Mary Wollstonecraft and the Early Women’s Rights Movement
Who was Mary Wollstonecraft?
Mary Wollstonecraft was a very complex person and to try to completely describe who she was would be impossible. However it’s not impossible to share her life and what she accomplished. Mary was born in 1759 in London; she was the second of six children. Her father was an alcoholic and her mother was a battered house wife. Wollstonecraft tried to protect her mother from her father’s attacks but she was also a victim of her father’s abuse. She had very little formal education and was largely self-taught. When she was nineteen she went out to earn her own living. In 1783, Mary helped her sister escape a miserable marriage and later on the two sisters founded and taught at a school in Newington Green; an experience from which Mary drew to write Thoughts on the Education of Daughters: With Reflections on Female Conduct, in the More Important Duties of Life. Shortly after Mary became the governess in the family of Lord Kingsborough, living most of the time in Ireland. Following her dismissal Wollstonecraft spent several years observing political and social developments in France, and wrote History and Moral View of the Origins and Progress of the French Revolution. In 1790 she wrote Vindication of the Rights of Man, the first response to Edmund Burke's Reflections on the Revolution in France. Mary Wollstonecraft’s most famous work which got her the reputation as a feminist was A Vindication of the Rights of Woman; it was published in 1792. Her first child, Fanny, was born in 1795, the daughter of American Gilbert Imlay. When Imlay deserted her she tried to drown herself. Eventually she recovered and went to live with William Godwin, a longtime friend. She then married Godwin in 1797. Wollstonecraft died a few days after the birth of her second daughter, Mary. Before Wollstonecraft died she had been writing a book called Maria, or the Wrongs of Woman; it was published unfinished in Paris in 1798. Wollstonecraft believed that women's freedom should extend to their sexual lives. In her writings, she compared married life for a woman to prostitution. Mary argued that women had strong sexual desires and that it was degrading and immoral to pretend otherwise.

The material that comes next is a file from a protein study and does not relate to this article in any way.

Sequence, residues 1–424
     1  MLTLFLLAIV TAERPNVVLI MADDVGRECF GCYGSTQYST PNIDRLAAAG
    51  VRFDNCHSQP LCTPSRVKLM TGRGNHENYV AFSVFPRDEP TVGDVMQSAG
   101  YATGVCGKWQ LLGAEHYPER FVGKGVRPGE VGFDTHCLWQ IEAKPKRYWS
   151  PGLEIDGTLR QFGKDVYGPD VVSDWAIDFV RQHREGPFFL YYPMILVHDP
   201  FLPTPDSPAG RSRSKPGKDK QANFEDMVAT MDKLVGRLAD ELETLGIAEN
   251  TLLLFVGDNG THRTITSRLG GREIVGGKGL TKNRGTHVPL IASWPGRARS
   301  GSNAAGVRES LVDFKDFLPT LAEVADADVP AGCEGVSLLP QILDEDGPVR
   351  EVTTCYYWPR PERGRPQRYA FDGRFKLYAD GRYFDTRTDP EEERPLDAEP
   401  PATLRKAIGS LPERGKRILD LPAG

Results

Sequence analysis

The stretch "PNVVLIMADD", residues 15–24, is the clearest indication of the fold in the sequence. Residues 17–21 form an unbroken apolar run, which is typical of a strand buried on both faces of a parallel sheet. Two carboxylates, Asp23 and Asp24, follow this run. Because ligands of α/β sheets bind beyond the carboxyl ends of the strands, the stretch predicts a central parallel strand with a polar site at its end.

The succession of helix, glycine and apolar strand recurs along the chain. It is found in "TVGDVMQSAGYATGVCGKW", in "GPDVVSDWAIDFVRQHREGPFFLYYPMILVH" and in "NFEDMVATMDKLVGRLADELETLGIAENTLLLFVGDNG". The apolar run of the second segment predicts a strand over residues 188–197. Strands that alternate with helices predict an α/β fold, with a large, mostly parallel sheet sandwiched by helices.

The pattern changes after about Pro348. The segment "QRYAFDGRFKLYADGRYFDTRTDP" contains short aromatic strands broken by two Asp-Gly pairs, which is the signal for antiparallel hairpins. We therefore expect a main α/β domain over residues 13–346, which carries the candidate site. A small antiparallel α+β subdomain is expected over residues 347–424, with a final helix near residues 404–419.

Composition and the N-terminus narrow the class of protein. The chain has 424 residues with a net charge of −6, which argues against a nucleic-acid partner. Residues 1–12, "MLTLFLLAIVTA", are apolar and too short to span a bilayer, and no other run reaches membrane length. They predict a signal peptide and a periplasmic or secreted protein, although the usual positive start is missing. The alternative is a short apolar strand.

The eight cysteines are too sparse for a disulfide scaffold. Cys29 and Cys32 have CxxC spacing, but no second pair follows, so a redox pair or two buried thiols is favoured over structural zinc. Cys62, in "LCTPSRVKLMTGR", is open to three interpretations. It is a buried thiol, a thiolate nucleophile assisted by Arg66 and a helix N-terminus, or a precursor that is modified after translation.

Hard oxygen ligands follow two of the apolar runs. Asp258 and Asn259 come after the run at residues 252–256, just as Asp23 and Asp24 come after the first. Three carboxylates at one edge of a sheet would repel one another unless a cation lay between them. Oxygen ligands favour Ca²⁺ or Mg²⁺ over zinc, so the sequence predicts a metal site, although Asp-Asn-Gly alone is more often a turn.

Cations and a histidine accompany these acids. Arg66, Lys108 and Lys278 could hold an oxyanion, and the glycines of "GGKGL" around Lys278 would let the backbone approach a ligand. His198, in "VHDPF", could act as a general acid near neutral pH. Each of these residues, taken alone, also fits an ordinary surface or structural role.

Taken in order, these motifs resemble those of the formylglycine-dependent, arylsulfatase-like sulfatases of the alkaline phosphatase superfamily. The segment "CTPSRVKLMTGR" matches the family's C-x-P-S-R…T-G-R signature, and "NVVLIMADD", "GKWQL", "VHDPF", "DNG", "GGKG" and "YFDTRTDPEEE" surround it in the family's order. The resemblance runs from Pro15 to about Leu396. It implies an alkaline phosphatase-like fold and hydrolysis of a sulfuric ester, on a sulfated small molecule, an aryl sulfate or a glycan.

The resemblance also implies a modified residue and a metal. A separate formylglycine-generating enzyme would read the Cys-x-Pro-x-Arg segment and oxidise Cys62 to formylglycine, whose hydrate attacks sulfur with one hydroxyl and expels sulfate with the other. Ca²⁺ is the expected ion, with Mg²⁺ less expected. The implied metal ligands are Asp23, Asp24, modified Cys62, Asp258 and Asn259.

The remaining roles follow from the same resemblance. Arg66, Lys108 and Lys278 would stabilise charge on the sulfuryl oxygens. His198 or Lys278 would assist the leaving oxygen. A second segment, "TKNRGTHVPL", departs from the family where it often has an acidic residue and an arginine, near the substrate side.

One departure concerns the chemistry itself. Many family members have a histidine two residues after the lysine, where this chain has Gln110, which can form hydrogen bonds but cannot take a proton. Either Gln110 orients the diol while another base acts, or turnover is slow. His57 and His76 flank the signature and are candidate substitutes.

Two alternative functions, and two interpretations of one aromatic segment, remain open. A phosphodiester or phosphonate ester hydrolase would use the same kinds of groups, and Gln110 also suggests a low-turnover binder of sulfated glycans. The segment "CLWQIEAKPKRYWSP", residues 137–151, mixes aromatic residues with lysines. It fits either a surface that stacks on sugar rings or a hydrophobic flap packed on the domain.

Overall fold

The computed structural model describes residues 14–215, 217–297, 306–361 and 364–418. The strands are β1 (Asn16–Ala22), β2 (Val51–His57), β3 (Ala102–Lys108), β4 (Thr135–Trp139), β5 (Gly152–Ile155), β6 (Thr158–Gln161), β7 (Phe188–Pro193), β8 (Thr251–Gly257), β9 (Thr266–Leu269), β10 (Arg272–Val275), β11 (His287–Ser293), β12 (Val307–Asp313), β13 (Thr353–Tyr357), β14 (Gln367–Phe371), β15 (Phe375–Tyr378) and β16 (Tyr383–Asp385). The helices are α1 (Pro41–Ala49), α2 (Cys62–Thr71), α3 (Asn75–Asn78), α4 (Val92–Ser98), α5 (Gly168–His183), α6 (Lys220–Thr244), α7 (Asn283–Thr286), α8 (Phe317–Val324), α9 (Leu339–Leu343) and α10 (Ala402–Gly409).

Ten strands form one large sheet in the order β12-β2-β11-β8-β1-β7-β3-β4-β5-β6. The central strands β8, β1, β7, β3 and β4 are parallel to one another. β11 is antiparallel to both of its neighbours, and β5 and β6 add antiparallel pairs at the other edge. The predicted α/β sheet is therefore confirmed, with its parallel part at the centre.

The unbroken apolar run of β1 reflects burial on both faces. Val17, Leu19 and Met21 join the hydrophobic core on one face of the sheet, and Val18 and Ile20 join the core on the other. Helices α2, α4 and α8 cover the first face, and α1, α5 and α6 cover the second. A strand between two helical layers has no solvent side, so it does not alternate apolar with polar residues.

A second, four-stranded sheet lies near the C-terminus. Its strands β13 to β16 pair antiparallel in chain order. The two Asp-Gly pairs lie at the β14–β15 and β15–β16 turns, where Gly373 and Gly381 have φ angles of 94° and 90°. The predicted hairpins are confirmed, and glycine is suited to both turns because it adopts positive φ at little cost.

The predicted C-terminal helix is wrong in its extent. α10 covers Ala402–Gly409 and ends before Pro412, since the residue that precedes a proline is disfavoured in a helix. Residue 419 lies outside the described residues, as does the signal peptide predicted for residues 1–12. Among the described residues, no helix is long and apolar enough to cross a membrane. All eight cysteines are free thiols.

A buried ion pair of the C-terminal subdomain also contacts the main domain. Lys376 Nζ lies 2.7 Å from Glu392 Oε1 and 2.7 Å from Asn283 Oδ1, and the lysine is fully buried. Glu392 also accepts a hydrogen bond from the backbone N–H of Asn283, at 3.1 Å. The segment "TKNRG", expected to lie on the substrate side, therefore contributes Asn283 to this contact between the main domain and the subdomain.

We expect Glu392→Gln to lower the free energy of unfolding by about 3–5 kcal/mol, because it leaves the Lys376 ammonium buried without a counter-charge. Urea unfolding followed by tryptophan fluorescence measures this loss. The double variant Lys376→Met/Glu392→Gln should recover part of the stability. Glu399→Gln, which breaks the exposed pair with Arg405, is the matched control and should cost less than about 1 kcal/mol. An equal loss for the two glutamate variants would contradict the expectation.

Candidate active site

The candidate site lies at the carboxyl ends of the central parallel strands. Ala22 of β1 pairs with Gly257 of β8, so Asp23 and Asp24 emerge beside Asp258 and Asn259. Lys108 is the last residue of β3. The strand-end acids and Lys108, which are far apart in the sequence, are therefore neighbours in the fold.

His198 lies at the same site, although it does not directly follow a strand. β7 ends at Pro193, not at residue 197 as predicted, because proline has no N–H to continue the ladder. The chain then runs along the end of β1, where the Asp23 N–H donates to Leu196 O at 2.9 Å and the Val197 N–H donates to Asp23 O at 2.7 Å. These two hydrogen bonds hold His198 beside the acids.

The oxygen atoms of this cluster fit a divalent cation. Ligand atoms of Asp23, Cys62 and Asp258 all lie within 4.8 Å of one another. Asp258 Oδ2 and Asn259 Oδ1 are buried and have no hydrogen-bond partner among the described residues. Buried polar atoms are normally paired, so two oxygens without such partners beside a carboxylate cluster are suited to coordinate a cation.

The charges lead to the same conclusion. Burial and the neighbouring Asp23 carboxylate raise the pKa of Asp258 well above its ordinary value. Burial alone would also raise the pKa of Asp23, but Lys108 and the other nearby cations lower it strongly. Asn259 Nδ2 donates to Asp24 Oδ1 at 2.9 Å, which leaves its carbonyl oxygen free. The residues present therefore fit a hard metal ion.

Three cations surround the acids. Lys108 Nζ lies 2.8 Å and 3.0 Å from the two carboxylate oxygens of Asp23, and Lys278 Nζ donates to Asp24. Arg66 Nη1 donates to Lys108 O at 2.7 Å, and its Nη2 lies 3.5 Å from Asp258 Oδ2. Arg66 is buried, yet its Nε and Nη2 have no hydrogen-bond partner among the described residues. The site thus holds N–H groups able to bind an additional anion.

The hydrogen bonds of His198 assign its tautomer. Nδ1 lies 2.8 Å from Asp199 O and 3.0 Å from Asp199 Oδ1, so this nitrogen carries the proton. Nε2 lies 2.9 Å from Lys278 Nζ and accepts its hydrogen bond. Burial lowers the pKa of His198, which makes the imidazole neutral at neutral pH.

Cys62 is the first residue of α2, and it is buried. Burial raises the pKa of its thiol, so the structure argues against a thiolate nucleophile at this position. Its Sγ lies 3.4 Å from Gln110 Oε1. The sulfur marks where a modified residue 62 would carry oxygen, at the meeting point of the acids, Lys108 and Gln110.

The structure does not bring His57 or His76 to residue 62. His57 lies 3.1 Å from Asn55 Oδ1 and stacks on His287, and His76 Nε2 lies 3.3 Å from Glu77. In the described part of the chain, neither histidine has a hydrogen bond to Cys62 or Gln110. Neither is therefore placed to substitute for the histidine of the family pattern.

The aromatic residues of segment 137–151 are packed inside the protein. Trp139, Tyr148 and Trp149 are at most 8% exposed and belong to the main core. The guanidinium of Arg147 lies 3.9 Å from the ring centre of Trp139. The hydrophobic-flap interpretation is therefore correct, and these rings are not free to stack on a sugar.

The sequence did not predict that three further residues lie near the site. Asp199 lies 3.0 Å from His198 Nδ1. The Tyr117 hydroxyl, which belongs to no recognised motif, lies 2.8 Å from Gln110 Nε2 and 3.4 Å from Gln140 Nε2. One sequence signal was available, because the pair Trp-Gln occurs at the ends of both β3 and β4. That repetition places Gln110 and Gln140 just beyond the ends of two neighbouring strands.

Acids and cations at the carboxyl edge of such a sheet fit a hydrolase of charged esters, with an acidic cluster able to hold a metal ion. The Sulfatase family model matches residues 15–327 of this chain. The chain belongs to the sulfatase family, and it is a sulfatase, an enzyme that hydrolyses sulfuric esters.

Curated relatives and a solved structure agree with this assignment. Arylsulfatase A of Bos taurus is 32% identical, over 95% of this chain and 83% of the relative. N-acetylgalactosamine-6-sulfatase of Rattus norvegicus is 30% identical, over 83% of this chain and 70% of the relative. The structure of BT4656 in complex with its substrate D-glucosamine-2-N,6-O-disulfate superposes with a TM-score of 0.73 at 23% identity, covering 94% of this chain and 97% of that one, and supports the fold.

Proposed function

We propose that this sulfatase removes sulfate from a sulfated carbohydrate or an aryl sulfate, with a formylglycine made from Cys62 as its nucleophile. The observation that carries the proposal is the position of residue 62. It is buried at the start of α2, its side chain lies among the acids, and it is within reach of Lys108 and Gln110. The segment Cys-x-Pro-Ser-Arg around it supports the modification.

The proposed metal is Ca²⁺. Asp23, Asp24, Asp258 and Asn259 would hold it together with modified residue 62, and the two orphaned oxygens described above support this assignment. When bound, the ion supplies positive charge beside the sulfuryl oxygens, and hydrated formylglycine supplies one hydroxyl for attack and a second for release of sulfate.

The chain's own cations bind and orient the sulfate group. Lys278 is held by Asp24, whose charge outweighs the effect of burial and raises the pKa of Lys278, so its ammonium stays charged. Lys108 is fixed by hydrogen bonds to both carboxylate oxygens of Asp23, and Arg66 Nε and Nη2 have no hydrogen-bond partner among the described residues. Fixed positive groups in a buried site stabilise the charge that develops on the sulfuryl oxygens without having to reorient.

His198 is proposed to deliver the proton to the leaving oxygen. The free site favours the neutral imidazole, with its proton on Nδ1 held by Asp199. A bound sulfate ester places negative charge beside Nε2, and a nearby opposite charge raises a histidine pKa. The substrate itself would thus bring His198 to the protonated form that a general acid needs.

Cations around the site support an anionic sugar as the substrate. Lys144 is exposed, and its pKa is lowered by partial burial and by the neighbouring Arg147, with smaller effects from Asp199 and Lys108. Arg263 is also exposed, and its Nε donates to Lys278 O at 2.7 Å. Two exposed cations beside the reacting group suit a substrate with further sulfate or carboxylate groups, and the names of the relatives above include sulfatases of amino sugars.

Mary Wollstonecraft’s View on Women’s Rights
Early on in her life, Mary Wollstonecraft began making great contributions and brought new and not well-received views on women and society. She fully supported that if girls were pushed and encouraged from an early age to develop their minds, it would be seen that they were fair balanced creatures and there was no reason whatsoever for them to not to be given the same opportunities as boys with regard to education and training. She believed education could be the salvation of women, education held the key to achieving a sense of self-respect and anew self-image that would enable women to put their capacities to good use. She insisted women be taught serious subjects like reading, writing, arithmetic, botany, natural history, and moral philosophy. In proposing giving the same education to girls as given to boys, she went a little further and proposed that both girls and boys be taught and educated together. Now this was even more extreme than anything that was proposed before because the mere idea of co-educational schooling was simply looked on as absurd. Many educational thinkers of the time considered co-educational schooling a ridiculous idea. Wollstonecraft called herself “a new genus" a woman who made her own living my writing. At one point in Mary Wollstonecraft’s life she was homeless, without a job, she had nothing to live on and she was in debt to many people. She was 28 years old and had no plans to marry any time soon. She had nothing yet she still refused to learn the techniques where most women in her situation would usually try to make life decent enough for themselves to live. In other words they would...
Bibliography: New York: Coward, McCann, & Geoghegan, Inc. 1972. Shows how Wollstonecraft’s early life had a big impact on the development of her ideas.
Kemerling, Garth. Mary Wollstonecraft (1759-1797). 1996. (November 13, 2000). This website goes over some of Wollstonecraft’s observations at the school where she taught and it talks about all the books she wrote.
Kreis, Steven. The History Guide: Lectures on Modern European Intellectual History. (May 13, 2004). The website gives a short biography of Mary Wollstonecraft’s life. This website also gives links to Wollstonecraft’s writings.
Feminist Interpretation of Mary Wollstonecraft, ed. By Maria J. Falco (Penn. State, 1995). Talks about Mary Wollstonecraft’s life and accomplishments in detail.
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